After their first win, Chris Ross used his post-game interview to send a message.
“There’s mental health issues. People go through things. If you can, just reach out to a friend because you never know what they’re going through,” Ross said on national television. “Just go out there and check on people because mental health issues are serious.”
— ESPN5 (@Sports5PH) January 20, 2019
The next day, the San Miguel mainstay was holding his trophy at the PBA Press Corps Awards when he brought up the issue again: “Mental health is important,” he said in front of a ballroom full of PBA governors and fellow athletes. “We’re losing people every day.”
In the Philippines, the stigma against discussing mental health is still strong. Just think of the many outdated terms that are casually dropped in conversation—may topak, may sayad, may tililing—that lump all mental health conditions together, regardless of kind or severity, and with an implied dose of disapproval.
And yet the Philippines has the highest number of reported cases of depression in Southeast Asia. A 2015 study by the Global Burden of Disease says 3.3 million Filipinos have depressive disorders—yet experts believe the actual number is higher, because the stigma against talking about mental health leads people to under-report their conditions.
It doesn’t help that a large part of Filipino culture adheres to traditional gender roles. Imagine being a boy going through a bout of anxiety, only to be told “magpakalalaki ka.” It isn’t surprising that the same 2015 report lists a higher suicide rate among men than women, with 2.5 reported suicides in every 100,000 people diagnosed with a depressive disorder.
And this reluctance to process one’s inner state often is reinforced in male-dominated fields like sports, where strength is more easily defined by the strength of one’s muscles and the power in one’s stride. I’ve been inside enough dugouts and spent time with enough athletes to know seeking emotional support can get them teased as “chicks” or “bakla.”
But that’s not to say sports is not a place to discuss mental health. On the contrary, athletes themselves are at risk: the high-pressure environment of professional leagues places them in a stressful position, while their fame amplifies the weight of their decisions. When you hear of players whose careers are put in jeopardy because of erratic behaviors or addictions, that’s a mental health issue. And it’s time we acknowledged that, because that would also normalize getting treatment.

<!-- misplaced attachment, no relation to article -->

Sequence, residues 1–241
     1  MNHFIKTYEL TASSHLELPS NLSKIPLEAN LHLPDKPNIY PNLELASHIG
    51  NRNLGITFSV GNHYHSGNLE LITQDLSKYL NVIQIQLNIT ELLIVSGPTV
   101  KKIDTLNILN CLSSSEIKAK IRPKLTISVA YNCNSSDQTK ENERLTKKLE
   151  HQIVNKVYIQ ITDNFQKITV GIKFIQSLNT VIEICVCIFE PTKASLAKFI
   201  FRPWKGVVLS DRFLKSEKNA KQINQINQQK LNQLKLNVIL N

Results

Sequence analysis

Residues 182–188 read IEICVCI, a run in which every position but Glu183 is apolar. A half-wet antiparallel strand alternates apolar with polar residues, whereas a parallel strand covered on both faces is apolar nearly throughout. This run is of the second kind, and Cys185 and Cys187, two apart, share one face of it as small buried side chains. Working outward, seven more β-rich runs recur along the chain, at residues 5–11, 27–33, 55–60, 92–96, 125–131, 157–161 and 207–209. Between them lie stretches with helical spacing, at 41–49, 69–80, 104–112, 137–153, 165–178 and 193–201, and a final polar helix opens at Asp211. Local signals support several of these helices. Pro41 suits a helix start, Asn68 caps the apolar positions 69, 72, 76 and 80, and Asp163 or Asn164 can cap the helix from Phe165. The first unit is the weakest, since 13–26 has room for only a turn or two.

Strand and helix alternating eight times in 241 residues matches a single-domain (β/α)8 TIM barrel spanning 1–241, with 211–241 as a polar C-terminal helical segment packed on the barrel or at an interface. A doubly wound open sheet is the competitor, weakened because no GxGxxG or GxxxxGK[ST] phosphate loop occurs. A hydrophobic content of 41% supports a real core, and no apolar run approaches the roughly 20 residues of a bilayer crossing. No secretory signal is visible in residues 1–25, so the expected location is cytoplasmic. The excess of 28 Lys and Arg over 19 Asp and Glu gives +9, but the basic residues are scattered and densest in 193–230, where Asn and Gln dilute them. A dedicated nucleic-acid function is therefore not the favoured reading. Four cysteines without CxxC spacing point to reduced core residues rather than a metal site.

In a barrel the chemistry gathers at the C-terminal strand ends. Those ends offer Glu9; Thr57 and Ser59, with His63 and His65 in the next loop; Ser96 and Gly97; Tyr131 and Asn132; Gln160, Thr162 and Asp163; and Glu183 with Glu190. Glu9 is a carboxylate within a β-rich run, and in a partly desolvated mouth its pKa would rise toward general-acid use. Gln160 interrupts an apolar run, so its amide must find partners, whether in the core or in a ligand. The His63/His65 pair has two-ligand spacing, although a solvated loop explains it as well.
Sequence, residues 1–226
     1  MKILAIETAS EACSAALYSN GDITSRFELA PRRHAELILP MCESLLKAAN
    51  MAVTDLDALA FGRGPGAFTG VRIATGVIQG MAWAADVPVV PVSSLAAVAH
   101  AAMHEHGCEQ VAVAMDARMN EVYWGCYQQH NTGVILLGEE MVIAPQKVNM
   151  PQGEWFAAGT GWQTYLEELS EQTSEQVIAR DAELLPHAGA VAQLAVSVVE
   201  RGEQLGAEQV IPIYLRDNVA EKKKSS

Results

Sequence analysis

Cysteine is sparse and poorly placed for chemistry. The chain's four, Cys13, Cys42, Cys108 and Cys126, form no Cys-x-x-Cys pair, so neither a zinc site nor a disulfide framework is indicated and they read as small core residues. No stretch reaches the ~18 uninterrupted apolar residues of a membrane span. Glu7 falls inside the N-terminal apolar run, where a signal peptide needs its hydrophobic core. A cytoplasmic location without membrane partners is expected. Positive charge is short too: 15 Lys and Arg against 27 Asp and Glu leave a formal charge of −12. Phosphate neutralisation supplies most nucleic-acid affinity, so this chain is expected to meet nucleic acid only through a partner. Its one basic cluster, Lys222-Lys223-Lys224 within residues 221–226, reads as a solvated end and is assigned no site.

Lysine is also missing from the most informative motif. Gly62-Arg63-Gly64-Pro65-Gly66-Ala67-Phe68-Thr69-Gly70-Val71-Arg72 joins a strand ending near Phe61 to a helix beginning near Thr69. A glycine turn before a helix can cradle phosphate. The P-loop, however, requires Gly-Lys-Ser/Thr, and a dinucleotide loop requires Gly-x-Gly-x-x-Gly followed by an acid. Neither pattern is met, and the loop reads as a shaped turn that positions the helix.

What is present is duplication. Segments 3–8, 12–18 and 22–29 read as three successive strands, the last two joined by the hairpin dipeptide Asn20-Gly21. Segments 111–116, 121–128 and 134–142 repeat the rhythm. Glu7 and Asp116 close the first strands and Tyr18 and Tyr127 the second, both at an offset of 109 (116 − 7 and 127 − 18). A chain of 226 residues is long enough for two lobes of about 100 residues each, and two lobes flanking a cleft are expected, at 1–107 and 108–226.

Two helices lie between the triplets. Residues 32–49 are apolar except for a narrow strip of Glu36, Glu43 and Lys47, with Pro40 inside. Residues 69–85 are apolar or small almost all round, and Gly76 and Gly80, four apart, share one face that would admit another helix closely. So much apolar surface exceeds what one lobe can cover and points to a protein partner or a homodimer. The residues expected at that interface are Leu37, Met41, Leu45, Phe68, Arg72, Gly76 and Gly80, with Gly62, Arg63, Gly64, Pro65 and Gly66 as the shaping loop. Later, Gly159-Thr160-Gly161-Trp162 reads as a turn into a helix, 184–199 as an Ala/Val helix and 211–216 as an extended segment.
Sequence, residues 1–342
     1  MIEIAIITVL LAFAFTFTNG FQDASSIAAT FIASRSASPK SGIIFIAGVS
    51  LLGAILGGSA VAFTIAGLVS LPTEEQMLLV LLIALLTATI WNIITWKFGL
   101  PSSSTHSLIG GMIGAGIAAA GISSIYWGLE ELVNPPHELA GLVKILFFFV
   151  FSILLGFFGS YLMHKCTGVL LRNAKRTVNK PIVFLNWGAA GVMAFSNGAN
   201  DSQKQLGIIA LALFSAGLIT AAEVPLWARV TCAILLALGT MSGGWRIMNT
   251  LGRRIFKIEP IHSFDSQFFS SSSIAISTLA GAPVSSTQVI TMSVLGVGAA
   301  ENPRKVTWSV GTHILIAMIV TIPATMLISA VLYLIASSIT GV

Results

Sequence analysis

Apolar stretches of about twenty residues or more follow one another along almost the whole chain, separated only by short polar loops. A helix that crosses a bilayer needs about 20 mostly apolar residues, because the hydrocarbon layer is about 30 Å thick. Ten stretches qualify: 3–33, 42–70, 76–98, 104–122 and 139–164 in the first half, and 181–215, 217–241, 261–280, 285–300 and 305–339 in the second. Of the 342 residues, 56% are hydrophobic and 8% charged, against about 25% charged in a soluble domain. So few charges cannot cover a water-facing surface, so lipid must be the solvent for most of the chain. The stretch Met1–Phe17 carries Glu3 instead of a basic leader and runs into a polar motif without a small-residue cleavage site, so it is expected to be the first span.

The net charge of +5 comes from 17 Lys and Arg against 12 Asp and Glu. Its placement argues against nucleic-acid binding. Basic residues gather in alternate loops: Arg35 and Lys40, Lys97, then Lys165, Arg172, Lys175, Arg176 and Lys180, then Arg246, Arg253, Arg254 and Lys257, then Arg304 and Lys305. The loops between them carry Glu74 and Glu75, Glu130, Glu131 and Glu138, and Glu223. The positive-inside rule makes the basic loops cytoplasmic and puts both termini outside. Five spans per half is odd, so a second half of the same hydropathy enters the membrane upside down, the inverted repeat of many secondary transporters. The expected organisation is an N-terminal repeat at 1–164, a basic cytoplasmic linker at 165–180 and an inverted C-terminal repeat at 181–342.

Looking at the big picture, male sports personalities could be such powerful ambassadors for mental health, especially when reaching young men. They need to see their role models—strong, successful men who appear to have it all—speak up.
In the NBA, guys like Kevin Love, Demar Derozan and Trae Young have opened up about their own struggles with anxiety and depression. Here’s to hoping that the words of Ross, a successful, multi-titled athlete with the most dominant team in the league, could be the spark in the PBA.
In a recent Facebook Live session for the PBA, NLEX Road Warriors rookies Kris Porter and Kyles Lao were asked what their personal advocacies were. They both answered “mental health,” and in a follow-up post to their team’s page, the two got real about how their experiences caring for loved ones with mental health issues, and their own strategies for coping with difficult emotions.
— NLEX Road Warriors (@ArangkadaNLEX) January 26, 2019
“I’d like to say it’s unfair that guys or boys are expected to deal with their emotions differently that girls. Just because he’s a different gender or sex doesn’t mean his emotions are any less relevant,” says Porter. “Don’t be scared to own it. If you’re going through something, let people know. Kami naman [as PBA players], I guess you can say we’re already starting the rest of our lives but that doesn’t mean we don’t go through problems.”
“The first step I take is to accept I’m going through something and let people know I need help,” adds Porter. “More often than not, the people around me—whether it’s my girlfriend, my family, my friends—can help me through it. It might be the same for you, it might not be. I don’t know. But you have to acknowledge it first. Just because you’re a boy doesn’t mean you should disregard your feelings and emotions.”
“It’s not a laughing matter anymore. It’s okay to not be okay…True strength and bravery lies in acceptance and actually reaching out to people,” Lao says, adding on his own Facebook page: “I know that, at the end of the day, the solution would come from within but that doesn’t mean we can’t do anything to help and make life easier, happier and a lot more meaningful. So always know that we are here for you guys. We’re not giving up on you! Here to listen. Here to understand. Always!”
More athletes speaking up about mental health helps themselves, their fellow athletes, the people who look up to them, and the communities that surround them. Their jobs may be unique and their lifestyles may be out of reach, but in many ways—perhaps in the most human ones—they’re just like everyone else.
There’s nothing wrong with asking for help. Call DOH and Natasha Goulbourn Foundation’s HOPELINE 24/7 suicide prevention and emotional crisis hotline: (02) 804-HOPE (4673), 0917-558-HOPE (4673) and 2919 (toll-free number for all Globe and TM subscribers).